Pregnancy or breast-feeding. Pregnant or breast-feeding women require extra fluids to remain hydrated. Lots of fluid are lost particularly when nursing. The Institute of Medicine advises that pregnant women consume 2.4 liters (nearly 10 cups) of fluids everyday and breast-feeding women drink 3.0 liters (nearly 12.5 cups) of fluids a day.

Other sources of water

Although it’s a smart move to keep water easily accessible all the while, you don’t have to depend only on what you drink to meet your fluid needs. Your foods also make a important part of your fluid needs. On average, food constitutes around 20% of total water intake, while the other 80% is derived from water and drinks of all types. But only few are good for you!!!

E.g. , most fruits and vegetables – watermelon and cucumbers – are nearly 100% water in terms of weight. Drinks like juice also consist of largely of water. Coffee, tea or soda will also do, but do not make them a major part of your daily total fluid consumption. Water is your best bets since it’s calorie-free, cheap and easily available.

Dehydration and problems

Failure to consume more water than consumed by your body can cause dehydration. Even slight dehydration – as little as 1% to 1% loss of your body weight – can drain your energy and make you feel tired. Major causes of dehydration are intense activity, lot of sweating, vomiting and diarrhea.

Signs and symptoms of dehydration are:

Medium to lot of thirst



Dry mouth

Little or no urination

Muscle weakness



Mild dehydration doesn’t cause complications – provided the water is replaced quickly – but more-severe cases can be fatal, particularly in the very young and the old. In extreme cases, fluids or electrolytes may have to be given intravenously.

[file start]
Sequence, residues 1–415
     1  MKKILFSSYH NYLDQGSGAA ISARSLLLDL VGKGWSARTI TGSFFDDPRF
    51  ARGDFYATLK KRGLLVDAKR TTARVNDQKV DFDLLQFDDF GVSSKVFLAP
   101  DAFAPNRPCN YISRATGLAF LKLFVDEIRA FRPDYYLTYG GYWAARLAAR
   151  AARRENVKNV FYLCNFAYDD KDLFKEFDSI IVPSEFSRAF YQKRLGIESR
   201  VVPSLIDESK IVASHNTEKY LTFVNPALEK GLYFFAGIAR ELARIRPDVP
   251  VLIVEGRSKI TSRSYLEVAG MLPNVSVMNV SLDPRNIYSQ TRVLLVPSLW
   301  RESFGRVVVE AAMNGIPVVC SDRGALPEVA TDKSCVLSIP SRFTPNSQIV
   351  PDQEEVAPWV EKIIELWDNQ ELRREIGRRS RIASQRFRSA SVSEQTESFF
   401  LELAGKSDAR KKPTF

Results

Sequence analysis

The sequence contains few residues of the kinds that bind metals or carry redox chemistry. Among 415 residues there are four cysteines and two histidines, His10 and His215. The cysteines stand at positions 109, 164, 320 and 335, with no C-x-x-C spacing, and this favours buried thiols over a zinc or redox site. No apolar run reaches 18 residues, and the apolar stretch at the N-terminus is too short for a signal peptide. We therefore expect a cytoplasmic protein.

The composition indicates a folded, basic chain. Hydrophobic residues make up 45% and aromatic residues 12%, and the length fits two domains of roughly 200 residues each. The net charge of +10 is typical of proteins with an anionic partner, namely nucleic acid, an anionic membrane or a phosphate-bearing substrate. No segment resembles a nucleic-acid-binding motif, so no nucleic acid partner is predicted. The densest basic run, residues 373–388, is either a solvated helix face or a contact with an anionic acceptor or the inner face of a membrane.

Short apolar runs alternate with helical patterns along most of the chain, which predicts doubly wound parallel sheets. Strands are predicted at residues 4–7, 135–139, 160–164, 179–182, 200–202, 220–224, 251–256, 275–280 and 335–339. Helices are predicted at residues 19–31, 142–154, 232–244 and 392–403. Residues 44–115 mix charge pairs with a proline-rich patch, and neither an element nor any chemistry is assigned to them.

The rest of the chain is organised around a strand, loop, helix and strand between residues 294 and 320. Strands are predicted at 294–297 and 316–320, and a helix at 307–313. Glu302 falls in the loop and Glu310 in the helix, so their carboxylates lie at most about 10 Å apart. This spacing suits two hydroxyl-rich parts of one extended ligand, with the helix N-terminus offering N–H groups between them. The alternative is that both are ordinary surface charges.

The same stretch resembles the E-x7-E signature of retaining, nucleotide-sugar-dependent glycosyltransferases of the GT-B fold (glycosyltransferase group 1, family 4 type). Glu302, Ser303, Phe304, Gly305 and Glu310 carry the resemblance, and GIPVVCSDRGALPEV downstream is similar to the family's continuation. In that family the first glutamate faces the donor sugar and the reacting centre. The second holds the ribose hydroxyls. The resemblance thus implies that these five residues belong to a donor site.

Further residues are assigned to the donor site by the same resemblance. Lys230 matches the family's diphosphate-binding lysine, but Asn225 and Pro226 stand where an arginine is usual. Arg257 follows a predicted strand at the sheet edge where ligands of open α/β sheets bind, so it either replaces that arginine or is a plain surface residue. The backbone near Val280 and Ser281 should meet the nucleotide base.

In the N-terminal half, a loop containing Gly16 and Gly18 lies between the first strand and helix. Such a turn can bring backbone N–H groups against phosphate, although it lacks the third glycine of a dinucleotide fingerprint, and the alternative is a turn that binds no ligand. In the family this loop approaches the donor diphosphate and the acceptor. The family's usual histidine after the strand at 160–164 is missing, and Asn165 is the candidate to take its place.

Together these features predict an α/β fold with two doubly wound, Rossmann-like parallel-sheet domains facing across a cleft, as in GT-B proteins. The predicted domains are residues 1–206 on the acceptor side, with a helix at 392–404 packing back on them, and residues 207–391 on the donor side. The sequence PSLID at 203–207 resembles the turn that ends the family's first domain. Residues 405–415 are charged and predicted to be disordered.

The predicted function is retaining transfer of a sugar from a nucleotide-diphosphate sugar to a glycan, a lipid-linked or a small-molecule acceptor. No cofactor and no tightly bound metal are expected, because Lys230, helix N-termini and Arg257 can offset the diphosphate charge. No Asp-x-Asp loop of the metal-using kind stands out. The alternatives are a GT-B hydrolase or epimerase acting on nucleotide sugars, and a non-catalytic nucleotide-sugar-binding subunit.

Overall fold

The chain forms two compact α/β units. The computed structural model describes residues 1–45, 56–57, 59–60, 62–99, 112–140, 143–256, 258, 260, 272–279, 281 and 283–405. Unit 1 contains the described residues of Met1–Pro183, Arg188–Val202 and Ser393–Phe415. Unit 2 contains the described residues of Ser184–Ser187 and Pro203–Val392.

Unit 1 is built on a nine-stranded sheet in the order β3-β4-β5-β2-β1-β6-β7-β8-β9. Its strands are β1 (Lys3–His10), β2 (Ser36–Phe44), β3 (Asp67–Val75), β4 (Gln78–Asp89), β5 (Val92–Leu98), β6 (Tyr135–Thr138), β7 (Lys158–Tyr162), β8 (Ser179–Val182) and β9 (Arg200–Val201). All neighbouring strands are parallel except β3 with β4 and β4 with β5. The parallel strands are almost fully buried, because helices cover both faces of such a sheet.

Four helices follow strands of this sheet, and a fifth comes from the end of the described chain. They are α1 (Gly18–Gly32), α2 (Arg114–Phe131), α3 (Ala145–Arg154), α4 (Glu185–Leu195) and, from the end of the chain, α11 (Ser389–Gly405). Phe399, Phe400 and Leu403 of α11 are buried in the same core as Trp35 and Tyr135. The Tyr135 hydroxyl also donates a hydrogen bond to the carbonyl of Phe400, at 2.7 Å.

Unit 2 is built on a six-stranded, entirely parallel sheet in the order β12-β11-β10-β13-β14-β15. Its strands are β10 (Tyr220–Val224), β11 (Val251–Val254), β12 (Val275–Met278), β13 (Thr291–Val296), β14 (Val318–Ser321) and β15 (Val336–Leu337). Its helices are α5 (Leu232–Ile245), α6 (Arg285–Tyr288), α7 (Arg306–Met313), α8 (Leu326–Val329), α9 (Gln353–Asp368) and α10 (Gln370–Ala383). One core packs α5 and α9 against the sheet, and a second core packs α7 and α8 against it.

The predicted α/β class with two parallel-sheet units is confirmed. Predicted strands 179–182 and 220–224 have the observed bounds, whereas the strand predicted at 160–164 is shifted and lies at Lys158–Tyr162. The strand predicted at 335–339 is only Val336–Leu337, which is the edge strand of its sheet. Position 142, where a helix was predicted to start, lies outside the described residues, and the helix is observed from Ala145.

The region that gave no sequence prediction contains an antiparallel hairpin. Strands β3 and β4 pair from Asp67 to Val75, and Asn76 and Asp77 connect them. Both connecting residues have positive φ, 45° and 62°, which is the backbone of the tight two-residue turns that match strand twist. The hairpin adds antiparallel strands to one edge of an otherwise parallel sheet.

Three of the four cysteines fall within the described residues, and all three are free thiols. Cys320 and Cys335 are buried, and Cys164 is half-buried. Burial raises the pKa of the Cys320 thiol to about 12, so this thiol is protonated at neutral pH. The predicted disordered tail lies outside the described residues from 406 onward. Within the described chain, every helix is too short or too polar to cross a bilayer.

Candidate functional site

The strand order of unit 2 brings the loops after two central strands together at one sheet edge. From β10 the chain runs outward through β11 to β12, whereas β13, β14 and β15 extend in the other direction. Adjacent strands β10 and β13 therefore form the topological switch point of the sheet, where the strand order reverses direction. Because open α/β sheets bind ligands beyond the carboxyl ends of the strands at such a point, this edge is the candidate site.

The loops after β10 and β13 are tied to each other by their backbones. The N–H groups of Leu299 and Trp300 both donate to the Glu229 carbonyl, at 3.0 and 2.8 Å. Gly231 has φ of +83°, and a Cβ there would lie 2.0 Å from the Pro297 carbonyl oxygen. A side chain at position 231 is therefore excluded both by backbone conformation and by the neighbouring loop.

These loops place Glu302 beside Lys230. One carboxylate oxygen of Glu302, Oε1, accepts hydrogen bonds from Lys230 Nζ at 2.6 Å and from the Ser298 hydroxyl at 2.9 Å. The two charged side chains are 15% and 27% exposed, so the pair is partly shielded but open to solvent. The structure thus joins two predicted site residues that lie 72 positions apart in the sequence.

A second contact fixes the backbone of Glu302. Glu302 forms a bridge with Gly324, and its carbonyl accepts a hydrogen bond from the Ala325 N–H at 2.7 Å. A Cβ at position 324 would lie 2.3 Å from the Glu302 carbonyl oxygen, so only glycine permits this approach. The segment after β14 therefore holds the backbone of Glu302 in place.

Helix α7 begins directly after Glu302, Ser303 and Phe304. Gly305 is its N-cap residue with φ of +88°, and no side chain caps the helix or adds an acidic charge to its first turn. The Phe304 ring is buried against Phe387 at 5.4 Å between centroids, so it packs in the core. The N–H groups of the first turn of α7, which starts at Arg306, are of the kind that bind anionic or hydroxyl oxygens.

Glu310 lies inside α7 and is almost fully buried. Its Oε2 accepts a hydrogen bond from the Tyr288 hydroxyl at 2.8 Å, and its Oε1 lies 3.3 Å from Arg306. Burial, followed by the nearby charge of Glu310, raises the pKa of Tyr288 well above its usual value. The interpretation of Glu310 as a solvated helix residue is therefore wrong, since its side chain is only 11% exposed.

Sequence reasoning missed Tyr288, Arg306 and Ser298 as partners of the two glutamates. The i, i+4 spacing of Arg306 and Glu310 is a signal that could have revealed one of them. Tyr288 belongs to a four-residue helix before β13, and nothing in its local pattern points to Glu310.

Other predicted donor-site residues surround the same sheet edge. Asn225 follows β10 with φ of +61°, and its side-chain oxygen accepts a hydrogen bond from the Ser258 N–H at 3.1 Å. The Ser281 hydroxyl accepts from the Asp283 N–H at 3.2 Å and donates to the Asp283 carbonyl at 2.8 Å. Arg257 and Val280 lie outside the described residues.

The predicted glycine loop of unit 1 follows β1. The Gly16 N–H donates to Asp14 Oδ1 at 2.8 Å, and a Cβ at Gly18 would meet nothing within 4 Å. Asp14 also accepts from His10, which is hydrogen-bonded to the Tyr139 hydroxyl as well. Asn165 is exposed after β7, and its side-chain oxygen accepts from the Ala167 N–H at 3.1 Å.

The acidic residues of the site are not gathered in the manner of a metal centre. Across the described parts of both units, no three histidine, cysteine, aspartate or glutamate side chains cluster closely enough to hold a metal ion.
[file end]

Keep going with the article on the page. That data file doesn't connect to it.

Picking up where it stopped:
Remaining safely hydrated

It’s normally not a smart ting to depend on thirst alone as a pointer for when to drink. By the time you feel thirsty, it is likely you may already be little dehydrated. Moreover, remember as you age, your body loses its ability to detect dehydration and notify you of brain signals of thirst. Lots of thirst and higher urination can imply a more serious medical problem. Discuss with your doctor if you if these persist.

To prevent dehydration and ensure your body has the necessary fluids, make water your preferred beverage. Almost each healthy adult can think about the following:

Have a glass of water before every meal and in middle of each meal.

Drink before, in between and after exercise.

Replace sparkling water for alcohol at social dos.

If you drink water from a bottle, clean properly or change the bottle frequently. Refill only bottles meant for reuse.

Though rare, it is possible to drink excessive water. If your kidneys cannot excrete the extra water, the electrolyte (mineral) content of the blood is thinned, causing a condition called hyponatremia (low sodium levels in the blood). Endurance athletes – like marathon runners – who consume lots of water are more at risk of hyponatremia. But on an average, drinking excessive water rare in healthy adults who eat an average American diet.

If you are worried about your fluid consumption, consult your doctor or a registered dietitian. They can help you decide the appropriate amount of water.